“Americans love facts,” says the Israeli detective in this short, sharp play by Arthur Milner. So when an American professor of archaeology is killed while working on the West Bank, the detective, Yossi, and his Palestinian counterpart, Khalid, must join forces to establish some facts. But facts are not easy to come by here, and even harder to interpret. Why was the academic killed? Was it personal or professional rivalry? Did he uncover corrupt dealings? Or was it that his work itself was incendiary, throwing Biblical history into doubt, with profound implications for Jewish settlers using the Biblical account as a basis for claims to the land?
Milner’s play, in a taut and volatile production by Caitlin McLeod, proves gripping. The two detectives home in on Danny, a settler who had both motive and opportunity for the crime and whose explanation of his conduct at the time of the murder is dubious. But they can’t prove anything. And as the three – the exasperated secular Jewish Israeli, the obstinately devout settler and the wearily realistic Palestinian – dig away at the investigation, Milner delves into the historical, political and religious background. The play never leaves the modest confines of the interrogation room, with its plastic chairs, water cooler and defective fan, but the current grievous tensions – and with them years upon years of conflict – press into the room. The tiny space becomes a pressure cooker.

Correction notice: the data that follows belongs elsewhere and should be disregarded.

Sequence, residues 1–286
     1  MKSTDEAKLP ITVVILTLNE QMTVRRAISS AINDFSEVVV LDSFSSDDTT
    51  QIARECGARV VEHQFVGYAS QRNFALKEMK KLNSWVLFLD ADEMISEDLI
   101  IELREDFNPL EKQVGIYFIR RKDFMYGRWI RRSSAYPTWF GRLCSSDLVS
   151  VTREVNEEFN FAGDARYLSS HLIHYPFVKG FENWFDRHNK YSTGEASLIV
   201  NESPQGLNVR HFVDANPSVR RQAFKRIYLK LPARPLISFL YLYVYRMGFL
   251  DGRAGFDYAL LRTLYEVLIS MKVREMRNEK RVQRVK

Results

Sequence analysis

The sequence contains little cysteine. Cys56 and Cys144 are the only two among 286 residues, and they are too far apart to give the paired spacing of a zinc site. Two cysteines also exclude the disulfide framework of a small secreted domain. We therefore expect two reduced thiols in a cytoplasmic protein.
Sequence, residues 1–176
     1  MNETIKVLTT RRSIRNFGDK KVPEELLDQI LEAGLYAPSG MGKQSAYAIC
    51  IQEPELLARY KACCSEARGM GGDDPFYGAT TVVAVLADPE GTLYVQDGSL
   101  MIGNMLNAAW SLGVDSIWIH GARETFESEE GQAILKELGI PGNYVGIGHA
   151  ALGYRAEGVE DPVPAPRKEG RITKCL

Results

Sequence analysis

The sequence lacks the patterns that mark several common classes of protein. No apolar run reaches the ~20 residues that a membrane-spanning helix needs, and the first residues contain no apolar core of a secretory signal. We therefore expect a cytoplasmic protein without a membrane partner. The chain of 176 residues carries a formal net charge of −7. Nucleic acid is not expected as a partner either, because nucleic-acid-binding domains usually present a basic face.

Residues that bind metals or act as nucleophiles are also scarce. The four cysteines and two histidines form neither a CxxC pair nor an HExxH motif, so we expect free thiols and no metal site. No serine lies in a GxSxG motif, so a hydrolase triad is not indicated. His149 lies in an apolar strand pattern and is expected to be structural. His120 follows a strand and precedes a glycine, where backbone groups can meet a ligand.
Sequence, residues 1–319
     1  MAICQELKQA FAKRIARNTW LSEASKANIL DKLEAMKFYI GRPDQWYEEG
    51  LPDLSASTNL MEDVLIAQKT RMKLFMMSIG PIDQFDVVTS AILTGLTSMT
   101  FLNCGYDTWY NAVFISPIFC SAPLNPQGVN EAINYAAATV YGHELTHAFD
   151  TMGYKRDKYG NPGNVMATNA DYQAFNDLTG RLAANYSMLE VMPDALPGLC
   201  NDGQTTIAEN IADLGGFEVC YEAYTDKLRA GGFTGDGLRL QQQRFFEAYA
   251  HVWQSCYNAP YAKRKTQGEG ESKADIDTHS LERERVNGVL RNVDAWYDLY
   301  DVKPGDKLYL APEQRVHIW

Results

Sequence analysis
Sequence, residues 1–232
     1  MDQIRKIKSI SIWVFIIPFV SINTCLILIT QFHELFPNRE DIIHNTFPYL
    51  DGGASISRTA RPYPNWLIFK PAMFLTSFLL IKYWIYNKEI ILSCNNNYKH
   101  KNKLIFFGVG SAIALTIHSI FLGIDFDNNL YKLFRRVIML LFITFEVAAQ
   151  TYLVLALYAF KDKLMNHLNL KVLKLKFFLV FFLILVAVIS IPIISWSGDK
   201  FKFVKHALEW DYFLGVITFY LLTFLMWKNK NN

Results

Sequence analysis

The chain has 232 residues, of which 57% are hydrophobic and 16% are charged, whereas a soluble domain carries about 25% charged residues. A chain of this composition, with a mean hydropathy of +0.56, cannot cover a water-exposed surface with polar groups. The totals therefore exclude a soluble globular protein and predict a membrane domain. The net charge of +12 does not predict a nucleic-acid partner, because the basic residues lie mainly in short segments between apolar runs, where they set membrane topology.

Milner himself is Canadian, the son of Jewish refugees from Poland. One senses his despair at the continuing violence most keenly perhaps in the figure of Yossi, who is repelled by Danny’s veneration of Baruch Goldstein (the Jewish extremist who perpetrated the Caves of the Patriarch massacre in 1994). But Milner also shows how impossible it is to hold an objective view in the situation and how the highly charged dispute over what happened in this particular circumstance reflects the larger context. Facts are hard to establish, open to interpretation and are not the final arbiter in any case. Ironically it is Khalid who counsels against charging Danny without substantial evidence, arguing that you can’t charge people simply because you don’t like them.
The fine cast of three keep the focus tight and the tension high: Philip Arditti’s cool, contained Khalid contrasts nicely with Michael Feast’s wiry, impassioned Yossi and Paul Rattray’s stubborn, supercilious Danny. It’s a powerful piece that digs deep and suggests that greater humanity might serve us better than fighting over facts.